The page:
March 10, 2010

Huge wave hits Acadia visitors, kills 1


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A crew of rescue workers aboard a U.S. Coast Guard boat rescue a man from the ocean about 1/8th of a mile from where he was swept in near Thunder Hole as seen from Ocean Drive in Acadia National Park. Officials say a large wave in Maine's Acadia National Park swept five people into the sea and three are still missing. (Photo courtesy of Glenn Tucker via Bangor Daily News)

Glenn Tucker

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Staff Writer

A 7-year-old New York girl died and 11 others were hospitalized Sunday after a huge ocean wave slammed into visitors at Acadia National Park.

The ''rogue wave'' hit about 20 people near Thunder Hole, according to the Coast Guard, one of several agencies involved in the incident. Three people were swept into the water and plucked from the ocean by a lifeboat crew, including a girl who had no vital signs, according to the Coast Guard.

The girl died and her parents were injured, said Stephen McCausland, spokesman for the Maine Department of Public Safety. He said the family was from New York City, but he had no further information about them Sunday evening.

The two others pulled from the water were the 7-year-old's father and a 12-year-old Maine girl from Belfast who was not related to them, said Acadia Chief Ranger Stuart West. Both were hospitalized, but West declined to release their names.

The nine others taken to the hospital mostly had broken bones from being slammed into the rocks, he said.

The large waves hit Thunder Hole as the combination of an astronomically high tide and a storm surge from Hurricane Bill created dangerous surf conditions along most of Maine's coast.

Thunder Hole is a cavernous inlet where incoming waves striking rocks can produce a sound like that of a distant clap of thunder. Visitors can walk down a set of stairs to a railed platform and look down into the inlet.

Mark Belserene, a spokesman for the Maine Emergency Management Agency, said there was some confusion after the wave hit as a crowd estimated at 75 people scattered.

James Kaiser of Bar Harbor was taking photographs when he heard shouts that people had been swept into the 55-degree water.

''I could see two people's heads bobbing in the water,'' Kaiser said. He thought they would be pushed back to shore because the waves were coming in so hard, but the current took them away from shore instead.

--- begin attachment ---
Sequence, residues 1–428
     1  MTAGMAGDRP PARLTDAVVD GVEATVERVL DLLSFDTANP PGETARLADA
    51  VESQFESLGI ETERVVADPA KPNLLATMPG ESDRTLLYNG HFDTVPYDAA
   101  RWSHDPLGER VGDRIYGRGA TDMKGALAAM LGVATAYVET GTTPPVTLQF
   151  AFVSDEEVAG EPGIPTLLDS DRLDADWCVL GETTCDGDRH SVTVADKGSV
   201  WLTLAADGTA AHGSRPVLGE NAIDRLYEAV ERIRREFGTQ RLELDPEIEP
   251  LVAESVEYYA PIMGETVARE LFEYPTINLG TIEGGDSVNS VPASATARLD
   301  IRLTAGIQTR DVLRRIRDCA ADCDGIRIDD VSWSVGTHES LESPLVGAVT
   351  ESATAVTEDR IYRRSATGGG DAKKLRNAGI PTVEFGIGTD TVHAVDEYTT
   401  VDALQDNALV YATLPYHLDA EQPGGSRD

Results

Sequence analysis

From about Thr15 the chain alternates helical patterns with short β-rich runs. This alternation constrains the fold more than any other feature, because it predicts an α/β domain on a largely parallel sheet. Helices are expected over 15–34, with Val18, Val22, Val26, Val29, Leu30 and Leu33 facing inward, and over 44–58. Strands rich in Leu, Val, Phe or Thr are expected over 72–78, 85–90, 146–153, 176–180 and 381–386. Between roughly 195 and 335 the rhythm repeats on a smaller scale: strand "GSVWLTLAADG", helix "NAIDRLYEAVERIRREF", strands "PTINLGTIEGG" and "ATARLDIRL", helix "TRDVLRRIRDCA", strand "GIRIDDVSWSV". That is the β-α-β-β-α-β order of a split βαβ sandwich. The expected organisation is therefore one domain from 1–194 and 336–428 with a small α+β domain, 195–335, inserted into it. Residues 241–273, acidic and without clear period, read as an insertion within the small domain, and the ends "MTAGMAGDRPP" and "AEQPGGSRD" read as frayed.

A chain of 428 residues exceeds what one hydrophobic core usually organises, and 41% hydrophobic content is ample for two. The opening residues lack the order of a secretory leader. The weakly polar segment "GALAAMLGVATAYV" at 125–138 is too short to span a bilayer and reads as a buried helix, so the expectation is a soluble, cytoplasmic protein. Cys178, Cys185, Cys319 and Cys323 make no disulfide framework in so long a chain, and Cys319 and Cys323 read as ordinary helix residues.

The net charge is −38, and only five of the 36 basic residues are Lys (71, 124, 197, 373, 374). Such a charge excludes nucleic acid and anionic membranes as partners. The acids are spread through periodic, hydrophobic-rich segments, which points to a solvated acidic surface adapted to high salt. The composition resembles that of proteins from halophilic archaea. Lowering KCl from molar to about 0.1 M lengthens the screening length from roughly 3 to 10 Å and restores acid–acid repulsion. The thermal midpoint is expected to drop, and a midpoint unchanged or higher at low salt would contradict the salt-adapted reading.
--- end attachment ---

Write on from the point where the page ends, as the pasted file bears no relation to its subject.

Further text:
The Coast Guard sent a Falcon jet and a Jayhawk helicopter from Cape Cod to the scene. The Maine Marine Patrol and the National Park Service also were involved with the search.

At Mount Desert rock, which is 40 miles offshore, a wave-monitoring gauge recorded seas 17 feet high, said Kirk Apffel, a meteorologist with the National Weather Service in Gray.

Hurricane Bill passed about 300 miles to the southeast of Portland, Apffel said, but created enough of a storm surge to worry officials. A surf advisory posted Saturday was due to expire Sunday night.

Several towns in York County closed their beaches to swimming Sunday. Red flags were posted on all the beaches in Biddeford, Kennebunk, Old Orchard Beach, Ogunquit, Saco, Wells and York.

''It's pretty violent out here. We are getting hammered by some really big waves. Right now, there is no beach visible to me,'' said Bob Bohlmann, York County's emergency management director, who was standing Sunday afternoon near Wells Beach.

''It was great surfing this morning, but it's nasty now with all the rip tides,'' he said.

Bohlmann, who said he was seeing waves at least 10 feet high at Wells Beach, said he received reports of rocks that washed ashore on Long Sands Road, near Long Sands Beach in York.

In Scarborough, police said Higgins Beach and town-owned Scarborough Beach remained open despite the storm surge.

Apffel, the meterologist, said Novia Scotia was expected to feel the brunt of the effects from Hurricane Bill. Storm remnants from Bill will eventually sweep over Europe, he said.

The Associated Press contributed to this report.

Staff Writer Dennis Hoey can be contacted at 791-6365 or at:

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Additional Photos

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Hurricane Bill
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Hurricane Bill



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